40 Years ago this week, Newsweek had one of its most infamous headlines: “The Death of Equities: How inflation is destroying the stock market”. This was the cover headline August 13, 1979.
The financial media and media in general are always trying to project fear into investors and this particular headline was the most troubling. It accomplished the task as numerous investors forswore ever investing in the stock market ever again.
So how have the last 40 years gone for the stock market?
Well equities also known as stocks certainly didn’t die. As stocks in the United States and around the world continue to flourish. The world does not end. The S&P 500 index – which accounts for the largest U.S. based companies – closed on August 13, 1979 at 107. In the middle of August 2019 that same index is approximately 2,900.
These companies in the S&P 500 index paid their owners approximately $6 in dividends in 1979. This year, the estimate is for the current S&P 500 companies to pay dividends of approximately $56 on an annual basis – up 9 times. This while inflation is up barely 3.5 times during this time period.
As we have often written, investing in the ownership of companies (stocks) has allowed investors to not only keep pace with inflation, but to grow considerably more than the rate of inflation. This allows investors to maintain purchasing power through time and especially in retirement.
You can look at other stock market indices covering other parts of the world and see similar results.
What has driven these incredible returns time for stocks?
The U.S. GDP in 1979 was well below $7 trillion and today is running approximately $19 trillion, while the real GDP per capita went from $31,000 to $57,500. Gross domestic product (GDP) is a monetary measure of the market value of all the final goods and services produced in a specific time period, often annually. Real GDP per capita is a measurement of the total economic output of a country divided by the number of people and adjusted for inflation. So regardless of what you hear else where, the U.S. has more people producing more goods and services. This growing and improving economy results in more profits for these companies and thus their shares become more valuable through time.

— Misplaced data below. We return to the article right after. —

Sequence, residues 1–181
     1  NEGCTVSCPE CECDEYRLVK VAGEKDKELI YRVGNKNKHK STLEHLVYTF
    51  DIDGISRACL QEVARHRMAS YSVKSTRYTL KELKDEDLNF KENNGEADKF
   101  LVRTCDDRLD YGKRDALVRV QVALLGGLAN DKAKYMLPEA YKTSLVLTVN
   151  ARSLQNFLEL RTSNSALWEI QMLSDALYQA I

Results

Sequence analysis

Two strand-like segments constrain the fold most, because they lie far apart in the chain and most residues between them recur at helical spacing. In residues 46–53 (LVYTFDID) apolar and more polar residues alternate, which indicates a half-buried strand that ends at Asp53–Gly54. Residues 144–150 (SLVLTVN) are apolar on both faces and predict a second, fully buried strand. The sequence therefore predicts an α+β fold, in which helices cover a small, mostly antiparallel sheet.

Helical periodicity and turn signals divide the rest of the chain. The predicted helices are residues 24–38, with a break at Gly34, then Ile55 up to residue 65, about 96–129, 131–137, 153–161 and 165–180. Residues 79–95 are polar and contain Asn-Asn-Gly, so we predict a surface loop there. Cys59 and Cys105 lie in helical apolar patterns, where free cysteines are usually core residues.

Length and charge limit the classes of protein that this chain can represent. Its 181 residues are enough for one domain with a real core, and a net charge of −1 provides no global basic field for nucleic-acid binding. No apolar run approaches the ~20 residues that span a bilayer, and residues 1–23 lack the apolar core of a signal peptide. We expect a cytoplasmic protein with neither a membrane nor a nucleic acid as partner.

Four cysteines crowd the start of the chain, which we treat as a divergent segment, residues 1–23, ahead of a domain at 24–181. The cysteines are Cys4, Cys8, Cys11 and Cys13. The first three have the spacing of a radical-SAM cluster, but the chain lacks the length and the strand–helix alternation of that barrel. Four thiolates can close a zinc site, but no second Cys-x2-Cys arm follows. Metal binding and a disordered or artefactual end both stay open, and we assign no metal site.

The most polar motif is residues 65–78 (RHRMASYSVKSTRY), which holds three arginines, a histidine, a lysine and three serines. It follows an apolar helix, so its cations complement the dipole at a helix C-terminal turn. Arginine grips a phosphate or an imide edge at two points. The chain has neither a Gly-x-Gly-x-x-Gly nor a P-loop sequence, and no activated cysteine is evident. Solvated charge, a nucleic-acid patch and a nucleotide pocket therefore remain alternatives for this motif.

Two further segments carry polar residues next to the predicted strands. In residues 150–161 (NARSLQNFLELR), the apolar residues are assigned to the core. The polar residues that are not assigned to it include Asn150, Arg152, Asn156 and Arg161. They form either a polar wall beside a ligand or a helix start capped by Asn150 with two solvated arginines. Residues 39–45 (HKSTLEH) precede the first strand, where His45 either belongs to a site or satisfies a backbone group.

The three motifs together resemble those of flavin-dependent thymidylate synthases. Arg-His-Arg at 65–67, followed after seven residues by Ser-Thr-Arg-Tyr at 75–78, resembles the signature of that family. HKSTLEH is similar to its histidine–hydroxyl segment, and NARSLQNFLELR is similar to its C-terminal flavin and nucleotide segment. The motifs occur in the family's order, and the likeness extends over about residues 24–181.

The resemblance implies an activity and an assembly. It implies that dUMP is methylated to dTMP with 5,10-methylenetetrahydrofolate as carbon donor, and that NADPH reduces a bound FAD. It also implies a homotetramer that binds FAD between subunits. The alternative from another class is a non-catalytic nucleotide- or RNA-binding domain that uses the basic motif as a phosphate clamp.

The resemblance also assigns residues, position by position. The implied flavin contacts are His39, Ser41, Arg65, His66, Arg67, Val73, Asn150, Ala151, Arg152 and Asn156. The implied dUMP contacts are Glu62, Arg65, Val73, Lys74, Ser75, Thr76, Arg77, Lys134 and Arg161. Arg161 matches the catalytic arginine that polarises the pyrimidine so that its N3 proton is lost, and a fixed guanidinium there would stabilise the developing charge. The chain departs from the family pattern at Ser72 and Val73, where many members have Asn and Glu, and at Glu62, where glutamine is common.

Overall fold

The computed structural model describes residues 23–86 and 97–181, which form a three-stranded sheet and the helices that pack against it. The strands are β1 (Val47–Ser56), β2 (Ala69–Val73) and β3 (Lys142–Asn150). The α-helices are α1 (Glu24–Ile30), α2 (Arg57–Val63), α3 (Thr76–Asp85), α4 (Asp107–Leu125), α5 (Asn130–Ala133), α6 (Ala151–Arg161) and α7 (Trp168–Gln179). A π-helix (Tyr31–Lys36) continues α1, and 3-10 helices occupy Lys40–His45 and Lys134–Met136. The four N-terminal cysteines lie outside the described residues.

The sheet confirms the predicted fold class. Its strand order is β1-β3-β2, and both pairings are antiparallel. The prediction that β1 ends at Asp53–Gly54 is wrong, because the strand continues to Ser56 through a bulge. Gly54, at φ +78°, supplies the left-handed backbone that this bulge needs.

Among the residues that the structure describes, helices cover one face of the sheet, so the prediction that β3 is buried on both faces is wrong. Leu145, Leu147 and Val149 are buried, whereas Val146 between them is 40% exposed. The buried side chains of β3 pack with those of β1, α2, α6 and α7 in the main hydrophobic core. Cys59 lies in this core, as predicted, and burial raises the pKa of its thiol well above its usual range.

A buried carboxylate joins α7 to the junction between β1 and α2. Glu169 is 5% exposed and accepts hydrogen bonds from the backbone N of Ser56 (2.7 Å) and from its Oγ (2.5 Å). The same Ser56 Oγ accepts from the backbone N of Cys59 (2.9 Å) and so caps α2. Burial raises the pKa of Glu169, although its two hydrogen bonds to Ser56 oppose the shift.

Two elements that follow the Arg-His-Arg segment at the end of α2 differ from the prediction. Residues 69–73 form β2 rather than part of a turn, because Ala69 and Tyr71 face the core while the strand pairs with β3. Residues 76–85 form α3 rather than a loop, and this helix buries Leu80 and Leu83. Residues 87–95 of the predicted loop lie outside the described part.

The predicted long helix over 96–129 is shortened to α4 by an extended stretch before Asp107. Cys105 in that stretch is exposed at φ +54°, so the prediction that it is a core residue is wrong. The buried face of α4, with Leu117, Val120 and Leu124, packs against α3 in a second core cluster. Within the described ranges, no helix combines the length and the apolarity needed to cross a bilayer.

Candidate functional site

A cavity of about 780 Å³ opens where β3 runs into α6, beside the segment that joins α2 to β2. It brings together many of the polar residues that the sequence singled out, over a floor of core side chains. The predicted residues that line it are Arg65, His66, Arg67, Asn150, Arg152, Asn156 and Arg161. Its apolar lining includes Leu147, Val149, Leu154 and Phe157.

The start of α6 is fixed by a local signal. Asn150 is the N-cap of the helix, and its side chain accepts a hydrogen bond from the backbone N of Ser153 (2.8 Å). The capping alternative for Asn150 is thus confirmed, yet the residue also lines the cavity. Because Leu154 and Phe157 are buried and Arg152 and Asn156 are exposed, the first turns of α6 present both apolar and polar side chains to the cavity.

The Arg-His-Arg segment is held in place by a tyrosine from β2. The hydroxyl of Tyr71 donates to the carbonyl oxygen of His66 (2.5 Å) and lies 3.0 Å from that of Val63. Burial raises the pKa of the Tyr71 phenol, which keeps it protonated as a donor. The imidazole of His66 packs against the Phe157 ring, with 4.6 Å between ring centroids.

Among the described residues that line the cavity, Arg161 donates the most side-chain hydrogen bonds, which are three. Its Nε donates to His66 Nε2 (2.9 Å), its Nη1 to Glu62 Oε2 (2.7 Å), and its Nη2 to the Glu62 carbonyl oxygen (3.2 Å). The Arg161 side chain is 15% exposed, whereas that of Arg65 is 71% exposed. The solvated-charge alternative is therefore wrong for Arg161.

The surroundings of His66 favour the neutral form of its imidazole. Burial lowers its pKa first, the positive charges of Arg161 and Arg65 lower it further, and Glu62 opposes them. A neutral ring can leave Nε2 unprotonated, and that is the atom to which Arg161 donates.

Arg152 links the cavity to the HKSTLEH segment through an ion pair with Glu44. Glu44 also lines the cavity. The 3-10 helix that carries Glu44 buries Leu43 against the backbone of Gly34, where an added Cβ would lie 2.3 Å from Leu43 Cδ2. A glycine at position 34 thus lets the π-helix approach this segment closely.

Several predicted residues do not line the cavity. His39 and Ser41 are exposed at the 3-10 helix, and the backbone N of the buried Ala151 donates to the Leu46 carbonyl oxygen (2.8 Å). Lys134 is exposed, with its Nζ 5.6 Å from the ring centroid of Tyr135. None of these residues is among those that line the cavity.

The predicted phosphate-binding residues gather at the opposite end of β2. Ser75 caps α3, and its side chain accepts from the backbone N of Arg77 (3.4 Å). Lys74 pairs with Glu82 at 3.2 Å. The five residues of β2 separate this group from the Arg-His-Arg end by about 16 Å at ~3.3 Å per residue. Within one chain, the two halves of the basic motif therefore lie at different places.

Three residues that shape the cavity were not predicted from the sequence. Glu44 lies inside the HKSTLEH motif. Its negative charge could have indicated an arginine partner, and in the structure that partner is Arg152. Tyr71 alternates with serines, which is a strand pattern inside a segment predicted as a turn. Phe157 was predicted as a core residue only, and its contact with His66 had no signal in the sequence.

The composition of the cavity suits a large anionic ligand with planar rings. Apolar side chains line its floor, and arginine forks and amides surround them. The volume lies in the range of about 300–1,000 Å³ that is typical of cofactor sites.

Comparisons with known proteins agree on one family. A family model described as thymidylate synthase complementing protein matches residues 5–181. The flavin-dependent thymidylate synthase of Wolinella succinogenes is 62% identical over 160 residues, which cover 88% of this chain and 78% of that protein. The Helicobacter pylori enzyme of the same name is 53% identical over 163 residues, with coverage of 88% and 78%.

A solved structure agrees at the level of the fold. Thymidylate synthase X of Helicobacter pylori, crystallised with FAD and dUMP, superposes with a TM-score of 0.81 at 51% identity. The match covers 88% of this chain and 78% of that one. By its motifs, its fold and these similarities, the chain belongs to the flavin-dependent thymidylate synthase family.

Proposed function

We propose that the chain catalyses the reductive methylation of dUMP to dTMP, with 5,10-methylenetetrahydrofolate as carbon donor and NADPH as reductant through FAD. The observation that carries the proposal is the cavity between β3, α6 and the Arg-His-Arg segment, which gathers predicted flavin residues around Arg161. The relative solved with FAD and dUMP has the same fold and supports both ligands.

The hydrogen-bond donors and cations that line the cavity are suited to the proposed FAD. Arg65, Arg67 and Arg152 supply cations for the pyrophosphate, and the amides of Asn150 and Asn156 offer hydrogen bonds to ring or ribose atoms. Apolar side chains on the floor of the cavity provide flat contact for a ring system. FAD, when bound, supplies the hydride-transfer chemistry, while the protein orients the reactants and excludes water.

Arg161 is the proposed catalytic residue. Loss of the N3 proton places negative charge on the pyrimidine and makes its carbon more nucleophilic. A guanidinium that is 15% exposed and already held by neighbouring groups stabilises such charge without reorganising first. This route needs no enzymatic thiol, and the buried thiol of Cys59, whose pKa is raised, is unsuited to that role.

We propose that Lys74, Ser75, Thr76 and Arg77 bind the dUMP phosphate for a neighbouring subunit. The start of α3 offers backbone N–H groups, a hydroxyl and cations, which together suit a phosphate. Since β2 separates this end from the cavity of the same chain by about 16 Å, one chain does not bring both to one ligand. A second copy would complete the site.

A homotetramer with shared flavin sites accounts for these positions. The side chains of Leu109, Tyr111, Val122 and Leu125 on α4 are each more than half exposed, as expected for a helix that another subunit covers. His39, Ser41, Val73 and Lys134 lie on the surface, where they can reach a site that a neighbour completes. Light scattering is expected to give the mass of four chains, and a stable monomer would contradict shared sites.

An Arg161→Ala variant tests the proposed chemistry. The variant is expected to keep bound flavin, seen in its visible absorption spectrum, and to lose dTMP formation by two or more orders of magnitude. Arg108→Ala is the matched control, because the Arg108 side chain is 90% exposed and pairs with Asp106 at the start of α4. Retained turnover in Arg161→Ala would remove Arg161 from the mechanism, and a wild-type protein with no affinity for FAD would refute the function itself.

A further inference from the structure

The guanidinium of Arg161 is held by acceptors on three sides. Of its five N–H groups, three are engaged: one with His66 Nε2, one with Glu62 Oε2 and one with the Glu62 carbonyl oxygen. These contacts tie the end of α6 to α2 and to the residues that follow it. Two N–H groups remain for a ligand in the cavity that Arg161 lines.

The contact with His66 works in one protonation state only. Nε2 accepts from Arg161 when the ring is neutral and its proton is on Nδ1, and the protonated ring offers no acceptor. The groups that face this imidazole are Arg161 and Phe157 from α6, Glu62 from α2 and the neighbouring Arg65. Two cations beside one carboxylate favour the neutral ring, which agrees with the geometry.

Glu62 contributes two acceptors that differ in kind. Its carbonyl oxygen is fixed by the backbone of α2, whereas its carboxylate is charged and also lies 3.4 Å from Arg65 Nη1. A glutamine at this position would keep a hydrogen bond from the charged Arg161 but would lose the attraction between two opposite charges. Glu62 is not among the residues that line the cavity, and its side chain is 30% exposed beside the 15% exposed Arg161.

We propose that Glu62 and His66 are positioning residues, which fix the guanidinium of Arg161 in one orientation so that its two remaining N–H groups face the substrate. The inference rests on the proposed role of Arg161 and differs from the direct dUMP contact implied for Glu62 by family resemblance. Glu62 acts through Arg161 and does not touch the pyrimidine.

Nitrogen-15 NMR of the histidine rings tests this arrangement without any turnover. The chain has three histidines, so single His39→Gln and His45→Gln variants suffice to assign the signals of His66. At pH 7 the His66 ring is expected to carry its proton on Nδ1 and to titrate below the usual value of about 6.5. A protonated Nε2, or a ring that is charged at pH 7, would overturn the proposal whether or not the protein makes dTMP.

If you look at three data points over the last 30 years (since 1989), you get to capture why the stock market is able to derive these returns and allow investors the opportunity to maintain purchasing power.
The consumer price index which captures the inflation rate is up 2 times since 1989. Meanwhile, the S&P 500 index is up 8 times during this time while the S&P 500 cash dividend is up 5 times.
Nothing about the current economy and the incredible advances in artificial intelligence, medical research, and the incredible global growth of the middle class leads one to believe that this continuing growth of the global economy will be slow in the future. But the goal of financial journalism is not to focus on these big picture items. Their focus will always run to the negative which is more attractive to humans.
This negative approach has a consequence as seen by the money flows as investors move money into bond funds at every slight decrease in the stock market. This occurred at the end of 2018 with the bear market as well as in June 2019 when the stock market declined 7%.
According to Bernstein research in June 2019, their regular survey of 179 global money managers allocations showed that equities percentages were at their lowest levels in history, while the month over month jump into cash and cash equivalents was the largest since the panic month of August 2011.
Investors need to continue to approach investing with long-term goals in mind while understanding and expecting temporary stock market declines. This approach will allow you to capture the long-term returns of the global stock markets that will be necessary to maintain your lifestyle throughout you and your family’s lives.
Regardless of the headlines, this time is not different. It just looks different.
Hope you have a great week!
If you know of anyone that you think would appreciate this email, please don’t hesitate to forward it on.